Triangle Strategy drops one of its most difficult maps very early on in its story campaign. To be fair, it’s not meant to be one of the most grueling encounters in the game. I made the fight much more difficult than it had to be because the alternative was becoming an arsonist.
Yes, you read that correctly. In chapter seven of Triangle Strategy, you’re given two choices: either you battle against the more powerful Aesfrost army, which just took over the entire country, or you can surrender the fugitive Prince Roland to live another day. Most of my friends agonized over this decision for days, but I didn’t have that luxury as a journalist playing the game for coverage. So I stuck with my “idealism” run where I would protect the prince with my ragtag army. I thought to myself: victory in the face of certain defeat is just par the course for a JRPG. Oh, how naive I was.
I gathered enough votes to send my friends into a battle for their lives. Before the fight started, my retainer Benedict pulled the protagonist aside and told him about the secret fire traps throughout the village. By pressing a button inside of a hawk statue, a number of walls would rise to entrap all units within a certain range of the house. The traps would then fill with oil and light everything ablaze–including the house attached to these traps. As I watched the tutorial simulation, I was horrified. See, in order to conclude the pre-battle vote, I had to explore the village and talk to the people living there. Many were frightened by the upcoming invasion, but they were confident that their new lord would protect them.
As the Lord of Wolffort, the protagonist Serenoa was obligated to protect these people’s lives. People can’t enjoy being homed if they’re dead. And, hey, my own retainer told me to use those fire traps. Not using them would be sheer folly. On the flip side, I didn’t know if these people would be evacuated before the battle. I assumed they would be, but the game didn’t explicitly tell me. What if this was one of those sicko design moves where people stayed inside their houses during an invasion for some reason just to make me feel bad afterwards? I set up my units on the map and told myself that I would use the fire traps only if I had no other choice.
I did not use a single fire trap. Instead, I reloaded this map a dozen times. I gritted my teeth in frustration because the level was clearly designed under the assumption that you’d be using these traps. Archers shot at my army from the rooftops, I was swamped by no fewer than three waves of reinforcements, and the boss actively chased me around after a set number of turns. If I thought the war vote was stressful, I’m pretty sure the battle of Wolffort Town shaved years off my life. I recall several moments when I saw numerous enemies bunched near a house and thought to myself, “Wouldn’t it be unfortunate if someone set off a hot oil bath there?” It would have been, but I didn’t. My Serenoa Wolffort was far too soft to destroy people’s beloved homes.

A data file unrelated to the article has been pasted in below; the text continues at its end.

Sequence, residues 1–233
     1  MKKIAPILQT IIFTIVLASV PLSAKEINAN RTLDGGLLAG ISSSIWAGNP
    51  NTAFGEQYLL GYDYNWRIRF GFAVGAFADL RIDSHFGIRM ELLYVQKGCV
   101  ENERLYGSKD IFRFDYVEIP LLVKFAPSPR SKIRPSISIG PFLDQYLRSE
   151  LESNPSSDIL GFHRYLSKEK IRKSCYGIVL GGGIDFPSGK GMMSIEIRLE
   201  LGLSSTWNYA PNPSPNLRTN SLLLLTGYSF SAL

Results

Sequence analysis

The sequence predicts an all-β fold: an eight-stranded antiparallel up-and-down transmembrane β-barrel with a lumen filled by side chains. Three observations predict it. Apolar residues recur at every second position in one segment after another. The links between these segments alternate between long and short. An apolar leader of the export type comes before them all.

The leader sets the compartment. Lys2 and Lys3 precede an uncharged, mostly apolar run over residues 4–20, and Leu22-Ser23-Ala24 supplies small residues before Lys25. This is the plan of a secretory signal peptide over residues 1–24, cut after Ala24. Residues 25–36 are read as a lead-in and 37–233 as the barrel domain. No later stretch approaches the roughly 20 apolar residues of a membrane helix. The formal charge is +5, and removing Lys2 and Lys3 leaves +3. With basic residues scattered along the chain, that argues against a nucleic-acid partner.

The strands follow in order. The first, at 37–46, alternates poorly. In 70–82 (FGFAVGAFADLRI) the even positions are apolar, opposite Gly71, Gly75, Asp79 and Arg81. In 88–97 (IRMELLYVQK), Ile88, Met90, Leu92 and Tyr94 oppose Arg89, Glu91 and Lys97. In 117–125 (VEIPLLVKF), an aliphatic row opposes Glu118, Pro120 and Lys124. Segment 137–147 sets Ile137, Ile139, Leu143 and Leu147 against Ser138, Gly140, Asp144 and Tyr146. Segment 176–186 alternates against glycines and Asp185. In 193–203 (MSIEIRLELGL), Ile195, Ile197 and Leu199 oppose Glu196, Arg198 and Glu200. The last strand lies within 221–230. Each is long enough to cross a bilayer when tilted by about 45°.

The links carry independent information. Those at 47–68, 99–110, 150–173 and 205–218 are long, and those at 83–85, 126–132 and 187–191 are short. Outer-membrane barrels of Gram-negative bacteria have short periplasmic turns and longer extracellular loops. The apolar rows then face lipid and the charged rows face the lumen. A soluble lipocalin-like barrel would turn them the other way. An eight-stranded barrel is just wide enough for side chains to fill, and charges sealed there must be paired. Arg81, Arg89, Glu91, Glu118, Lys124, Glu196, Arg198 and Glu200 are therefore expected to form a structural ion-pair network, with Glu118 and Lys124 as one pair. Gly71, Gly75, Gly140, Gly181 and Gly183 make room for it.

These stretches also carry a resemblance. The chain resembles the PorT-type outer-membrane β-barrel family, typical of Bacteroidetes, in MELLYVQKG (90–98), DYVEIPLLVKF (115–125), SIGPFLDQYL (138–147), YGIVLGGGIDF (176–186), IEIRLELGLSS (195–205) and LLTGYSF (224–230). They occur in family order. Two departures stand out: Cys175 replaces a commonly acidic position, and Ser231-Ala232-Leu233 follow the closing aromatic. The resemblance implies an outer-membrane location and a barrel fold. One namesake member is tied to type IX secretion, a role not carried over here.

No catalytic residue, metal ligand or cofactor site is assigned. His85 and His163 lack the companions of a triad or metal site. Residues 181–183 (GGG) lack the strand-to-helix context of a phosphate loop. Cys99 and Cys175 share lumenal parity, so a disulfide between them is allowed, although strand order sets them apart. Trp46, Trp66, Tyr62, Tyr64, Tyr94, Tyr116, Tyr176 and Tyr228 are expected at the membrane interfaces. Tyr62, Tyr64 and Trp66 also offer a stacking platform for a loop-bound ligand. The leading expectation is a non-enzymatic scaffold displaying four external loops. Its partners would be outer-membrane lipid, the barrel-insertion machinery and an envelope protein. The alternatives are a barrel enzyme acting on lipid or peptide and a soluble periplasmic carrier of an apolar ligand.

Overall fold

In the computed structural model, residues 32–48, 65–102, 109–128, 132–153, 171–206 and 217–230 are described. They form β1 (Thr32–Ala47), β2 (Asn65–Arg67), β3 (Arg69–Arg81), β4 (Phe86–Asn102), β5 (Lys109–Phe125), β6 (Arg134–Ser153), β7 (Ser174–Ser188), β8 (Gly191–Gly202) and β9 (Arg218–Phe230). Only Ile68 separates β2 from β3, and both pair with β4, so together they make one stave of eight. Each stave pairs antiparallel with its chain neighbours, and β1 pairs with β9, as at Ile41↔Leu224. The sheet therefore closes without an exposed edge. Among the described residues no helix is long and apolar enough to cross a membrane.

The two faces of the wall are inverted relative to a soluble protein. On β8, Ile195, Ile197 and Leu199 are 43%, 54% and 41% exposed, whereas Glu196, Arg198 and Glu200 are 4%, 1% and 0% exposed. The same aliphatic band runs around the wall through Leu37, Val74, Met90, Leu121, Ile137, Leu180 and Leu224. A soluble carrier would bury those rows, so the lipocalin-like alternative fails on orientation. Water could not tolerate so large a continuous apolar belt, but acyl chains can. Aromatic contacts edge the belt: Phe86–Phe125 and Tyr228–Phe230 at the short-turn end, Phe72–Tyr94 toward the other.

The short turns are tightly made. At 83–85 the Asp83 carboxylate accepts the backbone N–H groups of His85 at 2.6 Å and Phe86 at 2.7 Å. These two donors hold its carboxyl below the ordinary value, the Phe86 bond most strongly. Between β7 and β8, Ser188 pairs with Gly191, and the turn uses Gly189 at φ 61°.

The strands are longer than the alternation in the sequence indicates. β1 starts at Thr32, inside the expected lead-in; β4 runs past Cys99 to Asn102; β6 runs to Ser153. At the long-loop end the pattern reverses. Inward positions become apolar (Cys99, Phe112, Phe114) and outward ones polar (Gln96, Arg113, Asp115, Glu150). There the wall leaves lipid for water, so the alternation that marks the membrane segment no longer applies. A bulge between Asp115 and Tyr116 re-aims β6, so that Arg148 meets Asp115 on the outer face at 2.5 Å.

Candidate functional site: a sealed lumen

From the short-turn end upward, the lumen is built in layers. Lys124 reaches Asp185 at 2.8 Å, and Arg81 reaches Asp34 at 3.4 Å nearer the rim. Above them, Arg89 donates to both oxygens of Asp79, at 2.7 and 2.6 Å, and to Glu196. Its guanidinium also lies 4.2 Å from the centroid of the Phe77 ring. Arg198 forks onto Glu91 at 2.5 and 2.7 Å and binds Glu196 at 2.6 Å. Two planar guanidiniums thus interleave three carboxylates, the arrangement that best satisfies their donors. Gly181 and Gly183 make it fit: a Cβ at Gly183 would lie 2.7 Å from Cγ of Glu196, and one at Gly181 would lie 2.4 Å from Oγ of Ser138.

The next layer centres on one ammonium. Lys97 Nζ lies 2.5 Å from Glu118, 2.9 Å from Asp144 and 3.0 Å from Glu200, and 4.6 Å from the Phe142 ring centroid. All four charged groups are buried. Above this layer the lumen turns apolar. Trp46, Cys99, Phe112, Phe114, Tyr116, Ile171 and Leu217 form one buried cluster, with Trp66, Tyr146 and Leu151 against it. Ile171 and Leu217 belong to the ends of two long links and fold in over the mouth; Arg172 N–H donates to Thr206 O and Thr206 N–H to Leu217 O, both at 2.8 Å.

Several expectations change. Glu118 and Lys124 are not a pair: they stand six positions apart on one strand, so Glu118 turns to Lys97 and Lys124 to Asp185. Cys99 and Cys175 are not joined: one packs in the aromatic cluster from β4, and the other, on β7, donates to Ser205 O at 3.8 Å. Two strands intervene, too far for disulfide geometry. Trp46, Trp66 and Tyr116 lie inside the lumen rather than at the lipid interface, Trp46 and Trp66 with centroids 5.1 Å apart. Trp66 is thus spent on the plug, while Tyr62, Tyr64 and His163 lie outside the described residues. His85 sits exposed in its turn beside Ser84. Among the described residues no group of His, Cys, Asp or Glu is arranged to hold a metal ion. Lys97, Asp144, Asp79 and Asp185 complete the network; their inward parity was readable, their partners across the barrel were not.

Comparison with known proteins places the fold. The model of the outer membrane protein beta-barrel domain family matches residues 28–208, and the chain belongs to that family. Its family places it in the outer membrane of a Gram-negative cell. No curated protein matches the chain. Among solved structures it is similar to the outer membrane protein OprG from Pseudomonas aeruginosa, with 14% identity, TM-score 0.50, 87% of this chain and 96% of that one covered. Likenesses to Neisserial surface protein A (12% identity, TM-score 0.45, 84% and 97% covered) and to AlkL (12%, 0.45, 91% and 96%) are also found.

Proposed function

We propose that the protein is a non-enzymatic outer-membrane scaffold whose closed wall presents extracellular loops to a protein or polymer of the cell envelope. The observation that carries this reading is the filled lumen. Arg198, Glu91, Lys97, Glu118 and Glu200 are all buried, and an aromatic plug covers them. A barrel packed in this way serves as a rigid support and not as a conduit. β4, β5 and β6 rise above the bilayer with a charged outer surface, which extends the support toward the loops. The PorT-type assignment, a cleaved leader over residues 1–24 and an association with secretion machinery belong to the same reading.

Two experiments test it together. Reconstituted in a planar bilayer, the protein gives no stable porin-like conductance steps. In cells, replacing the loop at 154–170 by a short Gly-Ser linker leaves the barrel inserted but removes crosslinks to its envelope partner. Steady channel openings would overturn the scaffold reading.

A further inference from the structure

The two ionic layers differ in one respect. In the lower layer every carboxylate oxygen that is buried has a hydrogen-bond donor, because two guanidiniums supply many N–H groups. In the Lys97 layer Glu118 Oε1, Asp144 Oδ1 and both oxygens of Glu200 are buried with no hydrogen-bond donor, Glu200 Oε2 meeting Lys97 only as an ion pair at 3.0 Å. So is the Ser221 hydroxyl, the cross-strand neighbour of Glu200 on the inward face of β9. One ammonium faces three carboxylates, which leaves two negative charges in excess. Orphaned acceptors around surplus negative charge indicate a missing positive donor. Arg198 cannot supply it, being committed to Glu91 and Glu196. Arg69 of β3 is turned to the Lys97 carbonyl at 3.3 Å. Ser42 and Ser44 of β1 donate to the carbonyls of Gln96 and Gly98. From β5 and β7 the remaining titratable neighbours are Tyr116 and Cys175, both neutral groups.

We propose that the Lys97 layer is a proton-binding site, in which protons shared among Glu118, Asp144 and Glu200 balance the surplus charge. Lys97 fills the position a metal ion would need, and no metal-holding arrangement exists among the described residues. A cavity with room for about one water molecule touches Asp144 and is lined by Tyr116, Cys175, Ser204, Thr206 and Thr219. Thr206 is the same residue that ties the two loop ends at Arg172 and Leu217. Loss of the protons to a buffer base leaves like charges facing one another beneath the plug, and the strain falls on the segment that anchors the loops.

Or maybe he was too hard? Instead of cheesing the fight by punching holes into General Avlora’s army, I had to use crafty strategies and change plans on the fly. At one point, the general was pushing my army back into the path of her reinforcements. I would be completely obliterated if my squishier mages and healers were exposed that way. So I hunkered down near the narrow stairs with Erador and Serenoa. If either of them went down, then my entire defensive formation would collapse. I had my mages blast Avlora with spells while Hughette blinded any archers who tried to snipe past my human shields. Roland rewarded my decision to keep him by acting as the rear guard.
Some members of my party only agreed to fight Aesfrost after they learned about the powerful fire traps. It turns out, tactical acumen works just as well. When Avlora finally sounded the retreat, I experienced the best rush in the entire game. I didn’t just beat one of the most terrifying fighters in the game–I did it without using my hidden ace.
The villagers thanked Serenoa for protecting their houses, but they weren’t throwing flowers at him or anything. They had no idea the lengths I went through to ensure that they had a place to return to at the end of the day. And you know what? I’m going to pick this route again when I play New Game+.